A friend of mine reckons Singapore is Asia for beginners. "Training-wheels travellers," she says, and then proceeds to tick off the South East Asian island city-state's shortcomings. Too safe, too clean, too air-conditioned, too predictable. "And you pretty much never get food poisoning," she adds.
Adventure is fine. Adventure is great. Whitewater rafting through Pyongyang or bartering for horse-milk liquor in Ulan Bator is all very well, advanced Asia travellers, but sometimes you crave the kind of break where you can walk down the street without thinking about your wallet, cross town with ease, and eat and drink with impunity. Sometimes, in other words, you want your holiday to be, well, a holiday.
Here's the thing, though: Singapore has started to take a few risks. Maybe it's globalisation. Maybe it's the new casino. Maybe it's growing up. Whatever it is, the city now likes to throw the dice a bit more when it comes to food. There's always been interesting stuff to eat at the street level [check out our story on Singapore's best street food vendors], but now things at the top end are getting spicy, too.
Singapore has had a very staid idea of fine dining in years past, says André Chiang, chef-patron of Restaurant André, but that's changing; he's gambling on the city's diners being willing to surrender control and embrace adventure when they eat in restaurants as well as hawker centres. "It still has to be smoothly run, of course, but today it's less about perfection and more about trying something new."
The city's pull on overseas talent has grown significantly in recent years. Modern Singapore has been rich for some time, but the financial crisis elsewhere has thrown its wealth into sharper relief. Old and new Chinese billionaires eye each other from opposite corners of The Tanglin Club, the marinas are crammed with yachts registered out of Jakarta, Macau and Manila, and revenues from the casinos have eclipsed those of Las Vegas. The bigger new international names (Guy Savoy, Joël Robuchon and our own Tetsuya Wakuda among them), says Julien Royer, chef at Jaan, have also brought with them access to produce of a quality hitherto unseen in local restaurants.
Singapore's agriculture remains more or less non-existent, and chefs are reluctant to buy fish caught in the waters around the busiest port in the world, so the locavore thing hasn't really taken root here, and the idea of seasonality is elusive in a country that only has two seasons: hot and wet and hotter and wetter. "But it also means we can get anything from anywhere," says Dave Pynt, chef at Burnt Ends. The appearance of French game birds alongside Japanese seafood, and Australian meat and Thai fruit on the same menu doesn't raise an eyebrow in a community where the mingling of talent, ingredients and culture is the norm.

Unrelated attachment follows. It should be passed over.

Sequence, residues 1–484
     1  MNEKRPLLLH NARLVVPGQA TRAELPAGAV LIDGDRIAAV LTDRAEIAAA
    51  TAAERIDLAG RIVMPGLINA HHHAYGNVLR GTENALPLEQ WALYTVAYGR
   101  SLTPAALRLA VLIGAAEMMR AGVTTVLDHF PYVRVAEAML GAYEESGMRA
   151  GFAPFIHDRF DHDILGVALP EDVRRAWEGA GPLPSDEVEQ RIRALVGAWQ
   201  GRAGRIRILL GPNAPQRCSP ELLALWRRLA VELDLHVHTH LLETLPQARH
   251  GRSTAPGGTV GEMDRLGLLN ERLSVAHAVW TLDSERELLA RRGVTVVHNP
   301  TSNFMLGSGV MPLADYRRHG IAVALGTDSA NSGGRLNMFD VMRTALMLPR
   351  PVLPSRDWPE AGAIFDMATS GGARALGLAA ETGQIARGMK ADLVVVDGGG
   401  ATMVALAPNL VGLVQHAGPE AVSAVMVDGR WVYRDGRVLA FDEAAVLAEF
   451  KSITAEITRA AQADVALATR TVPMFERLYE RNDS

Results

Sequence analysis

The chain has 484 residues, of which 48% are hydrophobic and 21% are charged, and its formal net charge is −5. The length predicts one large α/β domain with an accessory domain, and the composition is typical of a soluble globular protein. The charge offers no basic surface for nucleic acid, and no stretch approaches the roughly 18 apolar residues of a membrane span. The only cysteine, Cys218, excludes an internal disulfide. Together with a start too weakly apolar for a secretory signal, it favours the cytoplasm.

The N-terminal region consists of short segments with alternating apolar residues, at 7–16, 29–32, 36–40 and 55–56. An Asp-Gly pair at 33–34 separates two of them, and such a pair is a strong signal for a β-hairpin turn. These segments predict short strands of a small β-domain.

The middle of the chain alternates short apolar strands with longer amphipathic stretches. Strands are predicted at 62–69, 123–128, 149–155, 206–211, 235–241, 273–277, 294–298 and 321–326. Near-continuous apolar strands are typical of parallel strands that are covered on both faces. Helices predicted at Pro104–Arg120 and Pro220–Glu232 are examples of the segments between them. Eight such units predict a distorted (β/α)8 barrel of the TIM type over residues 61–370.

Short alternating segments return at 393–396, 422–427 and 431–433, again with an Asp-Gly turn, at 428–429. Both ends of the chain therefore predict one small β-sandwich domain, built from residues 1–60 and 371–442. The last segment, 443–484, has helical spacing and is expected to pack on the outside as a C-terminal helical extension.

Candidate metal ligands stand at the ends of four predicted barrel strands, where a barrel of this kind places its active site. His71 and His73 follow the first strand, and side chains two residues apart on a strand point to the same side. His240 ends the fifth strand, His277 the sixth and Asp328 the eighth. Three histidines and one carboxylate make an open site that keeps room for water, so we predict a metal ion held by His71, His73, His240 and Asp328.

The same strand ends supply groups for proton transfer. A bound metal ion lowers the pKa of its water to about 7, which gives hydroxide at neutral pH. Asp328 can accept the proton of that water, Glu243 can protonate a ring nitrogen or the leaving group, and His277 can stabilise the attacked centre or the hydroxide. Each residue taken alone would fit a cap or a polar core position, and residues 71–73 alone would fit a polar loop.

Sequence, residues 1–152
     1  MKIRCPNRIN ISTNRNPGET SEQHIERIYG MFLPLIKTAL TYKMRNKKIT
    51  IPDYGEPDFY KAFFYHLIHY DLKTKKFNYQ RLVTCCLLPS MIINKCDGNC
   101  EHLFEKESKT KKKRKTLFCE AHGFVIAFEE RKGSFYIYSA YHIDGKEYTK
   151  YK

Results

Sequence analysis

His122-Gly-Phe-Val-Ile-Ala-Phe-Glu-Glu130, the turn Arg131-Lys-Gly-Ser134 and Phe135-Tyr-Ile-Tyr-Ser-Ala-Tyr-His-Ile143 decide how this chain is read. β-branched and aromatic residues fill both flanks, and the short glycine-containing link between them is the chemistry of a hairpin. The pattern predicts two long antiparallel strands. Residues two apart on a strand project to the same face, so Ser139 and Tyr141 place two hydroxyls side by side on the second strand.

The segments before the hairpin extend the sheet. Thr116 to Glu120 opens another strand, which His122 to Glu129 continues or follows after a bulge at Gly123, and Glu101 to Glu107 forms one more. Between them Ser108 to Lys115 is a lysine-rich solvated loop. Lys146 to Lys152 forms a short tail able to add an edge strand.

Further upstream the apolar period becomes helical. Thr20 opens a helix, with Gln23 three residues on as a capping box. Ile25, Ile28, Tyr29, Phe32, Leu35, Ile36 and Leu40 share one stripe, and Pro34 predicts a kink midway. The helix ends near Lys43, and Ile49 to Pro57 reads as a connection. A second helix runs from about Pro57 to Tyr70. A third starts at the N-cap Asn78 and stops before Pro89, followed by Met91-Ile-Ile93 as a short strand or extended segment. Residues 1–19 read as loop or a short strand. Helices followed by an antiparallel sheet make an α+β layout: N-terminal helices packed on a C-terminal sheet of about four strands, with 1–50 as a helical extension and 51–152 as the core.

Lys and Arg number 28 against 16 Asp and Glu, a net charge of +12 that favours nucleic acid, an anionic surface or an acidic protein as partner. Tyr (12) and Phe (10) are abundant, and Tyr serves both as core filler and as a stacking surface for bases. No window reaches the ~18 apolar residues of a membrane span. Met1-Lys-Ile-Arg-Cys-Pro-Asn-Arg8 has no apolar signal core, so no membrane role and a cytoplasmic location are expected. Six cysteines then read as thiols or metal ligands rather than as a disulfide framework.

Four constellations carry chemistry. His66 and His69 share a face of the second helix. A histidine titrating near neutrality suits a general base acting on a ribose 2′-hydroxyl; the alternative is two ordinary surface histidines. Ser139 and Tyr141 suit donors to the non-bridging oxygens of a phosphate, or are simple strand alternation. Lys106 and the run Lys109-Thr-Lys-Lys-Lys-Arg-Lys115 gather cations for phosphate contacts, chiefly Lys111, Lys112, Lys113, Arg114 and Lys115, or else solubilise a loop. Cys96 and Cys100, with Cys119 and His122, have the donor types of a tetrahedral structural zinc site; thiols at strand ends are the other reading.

The breadth of this reach comes at a price, mind you. The new Singapore isn't cheap - not in restaurants at least. A plate of some of the best chicken rice in town will leave you change out of a fiver at the hawker centres, but almost every fine-diner here charges prices that make the bills at Vue de Monde and Quay seem almost reasonable. (There's also the insidious plus-plus: listed prices don't typically include the seven per cent sales tax and the 10 per cent usually added as a service charge.) And while Hong Kong has dropped its wine tariffs completely, and bargains are there for savvy drinkers in Tokyo, in Singapore the price of booze remains steep, even by Australian standards.
Happily, this new care isn't apparent just at the $500-a-head level. Old neighbourhoods are opening up to new businesses, and shophouses on the fringes of Chinatown and Little India are transforming, making some streets a patchwork of kopitiams and nasi padangs nestled among design firms, speak-easies, fancy bike shops and bistros. Many of the new ventures opened by visiting chefs blur the line between bar and restaurant (Esquina, opened by Jason Atherton in late 2011, and the new Oxwell & Co from his fellow Gordon Ramsay alumnus Mark Sargeant spring to mind). Others take the bistronomy approach, presenting very polished food in a setting geared for more casual fun (Izy, the Club Street izakaya opened by former Waku Ghin chef Kazumasa Yazawa, for example).